In this embodiment, by using the changing means 20, the second optical integrator 7 is displaced perpendicularly to the optical axis (translationally deviated) to change the light intensity distribution (secondary light source) on the light entrance surface 9a of the third optical integrator 9, to thereby change the light intensity distribution of the secondary light source image formed in the neighborhood of the pupil plane 16a of the projection optical system 16. Here, the light intensity distribution on the light entrance surface 9a of the integrator 9 is changed, from a substantially uniform distribution to a distribution wherein the intensity is higher in the off-axis area than in the on-axis area. Also, the light intensity distribution of the secondary light source image adjacent to the pupil plane 16a is changed, from a substantially uniform distribution to a distribution wherein the intensity is higher in the off-axis area than in the on-axis area. The optical action in such an intensity distribution change will now be explained.

In this embodiment, by means of the optical system 5, an image of the opening 2a of the elliptical mirror 2 is formed on the light entrance surface 6a of the first optical integrator 6. Thus, the light intensity distribution on the light entrance surface 6a of the integrator 6 has a higher intensity area as depicted by hatching in FIG. 4A. The manner of illustration applies to the remaining drawings. The grid as depicted by broken lines in FIG. 4A represents the array of the small lenses 6i.

Each small lens of this embodiment has a square sectional shape. When as shown in FIG. 2 the small lenses of the first optical integrator 6 and the small lenses of the second optical integrator 6 are placed in a coaxial relation and do not have eccentricity (i.e. the state of normal illumination), the light source images are formed by the first optical integrator 6 on the light entrance surface 7a of the second optical integrator 7 such as shown in FIG. 4B. The grid depicted by broken lines in FIG. 4B represents the array of the small lenses 7i of the second optical integrator 7.

By means of the small lenses 7i and the first condensing lens 8, the light source images formed on the light entrance surface 7a of the integrator 7 are then superposed one upon another, on the light entrance surface 9a of the third optical integrator 9 such as shown in FIG. 4C. The light intensity distribution of FIG. 4C thus defined is close to a Gaussian distribution. The grid as depicted by broken lines in FIG. 4C represents the array of the small lenses 9i (i=1 to N) of the third integrator 9.

The light intensity distribution defined on the light entrance surface 9a of the integrator 9 determines the light intensity distribution of the effective light source (secondary light source) to be formed on the pupil plane 16a of the projection optical system 16. As a result, the effective light source formed on the pupil plane 16a of the projection optical system has a light intensity distribution close to a Gaussian distribution. The manner of illumination using such a light intensity distribution (i.e. normal illumination) is to be used in cases where the circuit pattern of the reticle 14 has a relatively large linewidth.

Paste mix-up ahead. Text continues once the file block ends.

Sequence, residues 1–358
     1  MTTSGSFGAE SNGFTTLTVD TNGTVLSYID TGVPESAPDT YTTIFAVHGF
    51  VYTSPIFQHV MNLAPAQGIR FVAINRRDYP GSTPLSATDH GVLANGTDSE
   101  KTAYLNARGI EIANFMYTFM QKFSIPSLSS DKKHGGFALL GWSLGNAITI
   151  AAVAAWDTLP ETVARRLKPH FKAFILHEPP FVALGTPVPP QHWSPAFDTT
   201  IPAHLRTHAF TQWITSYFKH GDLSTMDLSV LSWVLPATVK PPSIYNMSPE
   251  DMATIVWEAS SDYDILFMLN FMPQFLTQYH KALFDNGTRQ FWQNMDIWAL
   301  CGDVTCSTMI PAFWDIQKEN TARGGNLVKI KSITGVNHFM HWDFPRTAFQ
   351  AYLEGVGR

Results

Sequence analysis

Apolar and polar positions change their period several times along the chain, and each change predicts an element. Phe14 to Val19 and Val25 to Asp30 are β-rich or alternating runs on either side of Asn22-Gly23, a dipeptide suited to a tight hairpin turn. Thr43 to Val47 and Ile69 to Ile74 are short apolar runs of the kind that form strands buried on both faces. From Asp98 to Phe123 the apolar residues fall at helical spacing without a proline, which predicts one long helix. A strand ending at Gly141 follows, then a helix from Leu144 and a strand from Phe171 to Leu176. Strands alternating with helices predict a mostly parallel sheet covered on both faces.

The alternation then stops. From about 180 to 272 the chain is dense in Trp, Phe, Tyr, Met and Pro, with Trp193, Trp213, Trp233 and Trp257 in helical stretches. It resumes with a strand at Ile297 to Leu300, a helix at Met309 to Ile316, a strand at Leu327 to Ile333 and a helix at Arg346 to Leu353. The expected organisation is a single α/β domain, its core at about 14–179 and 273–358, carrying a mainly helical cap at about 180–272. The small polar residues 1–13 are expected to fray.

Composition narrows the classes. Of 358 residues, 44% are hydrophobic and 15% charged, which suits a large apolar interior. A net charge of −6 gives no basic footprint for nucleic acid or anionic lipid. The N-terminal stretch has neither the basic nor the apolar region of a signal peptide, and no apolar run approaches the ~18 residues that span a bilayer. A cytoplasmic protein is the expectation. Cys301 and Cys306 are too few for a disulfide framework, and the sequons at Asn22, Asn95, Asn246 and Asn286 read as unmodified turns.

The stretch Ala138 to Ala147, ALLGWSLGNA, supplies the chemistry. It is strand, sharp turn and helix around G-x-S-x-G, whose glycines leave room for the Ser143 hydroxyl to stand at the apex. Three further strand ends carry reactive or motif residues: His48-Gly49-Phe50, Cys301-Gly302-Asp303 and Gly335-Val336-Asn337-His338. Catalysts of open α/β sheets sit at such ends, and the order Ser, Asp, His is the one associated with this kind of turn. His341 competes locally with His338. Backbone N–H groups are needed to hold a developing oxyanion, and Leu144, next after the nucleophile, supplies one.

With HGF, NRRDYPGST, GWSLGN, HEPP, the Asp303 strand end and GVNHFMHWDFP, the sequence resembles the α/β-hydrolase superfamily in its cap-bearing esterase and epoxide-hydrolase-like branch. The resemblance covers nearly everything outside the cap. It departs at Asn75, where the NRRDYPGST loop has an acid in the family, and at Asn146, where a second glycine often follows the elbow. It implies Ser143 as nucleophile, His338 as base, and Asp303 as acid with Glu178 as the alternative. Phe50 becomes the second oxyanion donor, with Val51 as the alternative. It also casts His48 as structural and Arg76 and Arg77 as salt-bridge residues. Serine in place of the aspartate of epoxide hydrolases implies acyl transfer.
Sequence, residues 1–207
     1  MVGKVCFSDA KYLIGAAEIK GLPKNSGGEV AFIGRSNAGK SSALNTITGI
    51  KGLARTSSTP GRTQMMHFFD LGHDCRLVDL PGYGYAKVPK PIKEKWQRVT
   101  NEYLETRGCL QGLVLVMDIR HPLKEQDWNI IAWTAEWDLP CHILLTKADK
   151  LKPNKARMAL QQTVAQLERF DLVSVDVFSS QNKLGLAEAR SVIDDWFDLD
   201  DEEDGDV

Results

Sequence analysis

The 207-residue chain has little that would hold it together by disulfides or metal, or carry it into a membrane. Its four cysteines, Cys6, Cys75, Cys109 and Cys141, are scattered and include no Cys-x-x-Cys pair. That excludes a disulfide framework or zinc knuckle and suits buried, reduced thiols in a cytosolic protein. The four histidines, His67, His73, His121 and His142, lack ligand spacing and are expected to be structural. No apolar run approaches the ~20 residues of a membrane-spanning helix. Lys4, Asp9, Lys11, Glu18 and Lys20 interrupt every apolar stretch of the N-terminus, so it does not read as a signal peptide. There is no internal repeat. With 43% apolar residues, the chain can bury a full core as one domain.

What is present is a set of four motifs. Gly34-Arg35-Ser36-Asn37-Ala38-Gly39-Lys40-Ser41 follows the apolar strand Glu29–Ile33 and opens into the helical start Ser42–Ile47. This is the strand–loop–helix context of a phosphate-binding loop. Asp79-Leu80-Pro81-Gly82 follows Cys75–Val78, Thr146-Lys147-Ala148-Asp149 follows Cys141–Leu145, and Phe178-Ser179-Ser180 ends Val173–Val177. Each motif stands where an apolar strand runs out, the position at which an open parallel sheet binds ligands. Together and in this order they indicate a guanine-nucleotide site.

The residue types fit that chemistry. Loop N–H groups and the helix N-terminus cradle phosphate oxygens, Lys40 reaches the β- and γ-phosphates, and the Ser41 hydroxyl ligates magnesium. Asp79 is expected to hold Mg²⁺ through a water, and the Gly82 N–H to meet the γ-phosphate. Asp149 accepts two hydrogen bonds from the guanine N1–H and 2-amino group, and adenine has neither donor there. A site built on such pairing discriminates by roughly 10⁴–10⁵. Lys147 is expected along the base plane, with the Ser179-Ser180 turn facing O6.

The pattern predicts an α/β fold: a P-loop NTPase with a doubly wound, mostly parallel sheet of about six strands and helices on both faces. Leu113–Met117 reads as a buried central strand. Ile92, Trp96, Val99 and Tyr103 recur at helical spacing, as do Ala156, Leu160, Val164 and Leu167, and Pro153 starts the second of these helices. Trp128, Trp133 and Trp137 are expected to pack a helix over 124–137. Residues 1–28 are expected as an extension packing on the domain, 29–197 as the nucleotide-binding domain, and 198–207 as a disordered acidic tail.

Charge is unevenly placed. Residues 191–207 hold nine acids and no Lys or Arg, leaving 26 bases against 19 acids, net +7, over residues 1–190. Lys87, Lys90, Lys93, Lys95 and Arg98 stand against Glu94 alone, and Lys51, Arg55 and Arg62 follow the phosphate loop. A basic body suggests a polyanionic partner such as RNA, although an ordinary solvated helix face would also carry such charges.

If the linewidth of the circuit pattern of the reticle 14 is relatively small and a high resolution is required, by using the changing means 20 the second optical integrator 7 is shifted relative to the first optical integrator 6, as shown in FIG. 3, in a direction perpendicular to the optical axis and by an amount corresponding to a half of the pitch of the small lenses 7i (i.e. by a half pitch in a direction of an orthogonal array of the small lenses). It is to be noted that as shown in FIG. 5A the light intensity distribution on the light entrance surface 6a of the integrator 6 is the same as that of FIG. 4A.

As shown in FIG. 5B, by means of the optical integrator 6, light source images are formed on the light entrance surface 7a (plane B) of the second optical integrator 7. As seen from FIG. 5B, on the light entrance surface 7a of the integrator 7 each light source image is formed while partially covering four small lenses. As a result, each light source image is divided into four. By means of the first condensing lens 8, the thus divided light source images are superposed on the light entrance surface 9a (plane C) of the third optical integrator 9 such as shown in FIG. 5C.

In this embodiment, a secondary light source image corresponding to the light intensity distribution with quadruplex peaks is formed on the pupil plane 16a of the projection optical system 16, and high-resolution illumination is made in this manner. In accordance with this illumination method, the circuit pattern of the reticle 14 is projected and transferred by the projection optical system 16 onto the wafer 17 surface. Through subsequent various processes such as a developing process, semiconductor devices are produced.

In this embodiment, in the high-resolution illumination state shown in FIG. 3, by using the changing means 20 the distance between the first and second optical integrators 6 and 7 along the optical axis may also be changed to adjust the intensity distribution of the secondary light source or the effective light source.